News / Africa

Protests Rage Against Egyptian Presidential Decree

Anti-Morsi protesters run for cover during clashes with riot police at Tahrir Square in Cairo, November 27, 2012.
Anti-Morsi protesters run for cover during clashes with riot police at Tahrir Square in Cairo, November 27, 2012.
Thousands of protesters in Cairo's Tahrir Square are rallying against Egyptian President Mohamed Morsi, hours after the president told the nation's top judges that elements of his new decree granting himself more powers and authority must stand.

Morsi's promise to enforce the constitutional declaration only in certain cases has done little to lessen the anger of those who see him as a dictator in the making.

Protesters chanted for his downfall Tuesday and that of the Muslim Brotherhood's Supreme Guide. Many here feel it is the Brotherhood that pushed Morsi to expand his powers, despite his formal break with the organization that helped him win the presidency.

Opponents said that words aside, the president has not changed the decrees themselves, which put his decisions above judicial review on a temporary basis.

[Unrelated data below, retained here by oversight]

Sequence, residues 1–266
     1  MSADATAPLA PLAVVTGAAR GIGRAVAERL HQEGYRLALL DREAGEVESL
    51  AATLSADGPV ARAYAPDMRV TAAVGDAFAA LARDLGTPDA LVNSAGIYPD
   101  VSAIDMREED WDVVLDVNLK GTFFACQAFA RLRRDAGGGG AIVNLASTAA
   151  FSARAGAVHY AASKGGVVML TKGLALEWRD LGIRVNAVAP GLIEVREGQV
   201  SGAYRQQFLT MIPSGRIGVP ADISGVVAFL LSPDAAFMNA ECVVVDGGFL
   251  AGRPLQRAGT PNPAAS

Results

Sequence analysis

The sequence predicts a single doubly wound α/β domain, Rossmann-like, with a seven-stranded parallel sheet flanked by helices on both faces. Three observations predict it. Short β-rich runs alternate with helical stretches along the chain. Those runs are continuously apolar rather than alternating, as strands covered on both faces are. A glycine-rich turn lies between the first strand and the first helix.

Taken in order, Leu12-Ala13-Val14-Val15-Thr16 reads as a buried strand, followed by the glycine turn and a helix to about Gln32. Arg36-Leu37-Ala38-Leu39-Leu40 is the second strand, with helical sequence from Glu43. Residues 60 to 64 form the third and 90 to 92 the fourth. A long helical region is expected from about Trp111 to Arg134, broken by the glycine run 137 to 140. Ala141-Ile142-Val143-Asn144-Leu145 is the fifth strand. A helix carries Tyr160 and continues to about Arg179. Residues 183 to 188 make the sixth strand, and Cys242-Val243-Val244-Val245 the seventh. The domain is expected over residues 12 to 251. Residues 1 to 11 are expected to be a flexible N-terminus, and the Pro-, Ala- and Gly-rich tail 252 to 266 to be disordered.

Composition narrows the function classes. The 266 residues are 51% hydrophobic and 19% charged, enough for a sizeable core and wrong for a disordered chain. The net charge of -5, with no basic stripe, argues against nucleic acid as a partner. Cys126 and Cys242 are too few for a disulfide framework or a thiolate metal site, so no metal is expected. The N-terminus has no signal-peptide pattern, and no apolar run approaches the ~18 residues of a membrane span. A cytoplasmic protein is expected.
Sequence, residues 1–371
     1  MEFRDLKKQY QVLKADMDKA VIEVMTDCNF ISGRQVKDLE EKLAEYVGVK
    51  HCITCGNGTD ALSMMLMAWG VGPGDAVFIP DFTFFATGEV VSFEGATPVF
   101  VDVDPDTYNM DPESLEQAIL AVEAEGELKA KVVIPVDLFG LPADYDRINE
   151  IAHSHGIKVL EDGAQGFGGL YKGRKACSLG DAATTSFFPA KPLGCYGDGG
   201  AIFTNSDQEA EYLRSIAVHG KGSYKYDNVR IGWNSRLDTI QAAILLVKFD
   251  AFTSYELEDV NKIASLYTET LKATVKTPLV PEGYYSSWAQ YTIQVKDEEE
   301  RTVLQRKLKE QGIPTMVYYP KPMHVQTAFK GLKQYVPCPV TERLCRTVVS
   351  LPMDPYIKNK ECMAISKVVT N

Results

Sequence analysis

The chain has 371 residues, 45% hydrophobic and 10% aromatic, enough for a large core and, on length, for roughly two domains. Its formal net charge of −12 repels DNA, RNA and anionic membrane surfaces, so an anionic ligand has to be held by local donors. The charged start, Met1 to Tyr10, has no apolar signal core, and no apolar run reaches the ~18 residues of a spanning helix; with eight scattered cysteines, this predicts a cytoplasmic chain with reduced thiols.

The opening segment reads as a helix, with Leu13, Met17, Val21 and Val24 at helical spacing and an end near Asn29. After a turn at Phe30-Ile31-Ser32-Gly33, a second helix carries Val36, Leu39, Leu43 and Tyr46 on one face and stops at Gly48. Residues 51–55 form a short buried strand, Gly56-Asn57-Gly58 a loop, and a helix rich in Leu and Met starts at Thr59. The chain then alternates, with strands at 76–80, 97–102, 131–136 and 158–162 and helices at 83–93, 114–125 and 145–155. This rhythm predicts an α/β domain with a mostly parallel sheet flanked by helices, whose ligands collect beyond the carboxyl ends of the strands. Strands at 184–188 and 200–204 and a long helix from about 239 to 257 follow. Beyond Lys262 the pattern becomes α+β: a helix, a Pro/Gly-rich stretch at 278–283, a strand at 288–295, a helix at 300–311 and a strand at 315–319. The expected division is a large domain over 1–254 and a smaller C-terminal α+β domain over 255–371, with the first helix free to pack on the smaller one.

Soundslides:  On the scene in Cairo


Amr Said, a protester on the square, said that the declaration is even more authoritarian than the dreaded emergency laws of the previous government.

Said said the emergency laws governed the security forces, while the constitutional declaration affects the judicial and legislative branches, as well. He added, "We didn't have a revolution to oust one dictator, only to bring in another."

Protesters came from across the country to take part in the demonstration in Tahrir Square, the heart of the uprising that toppled the old government.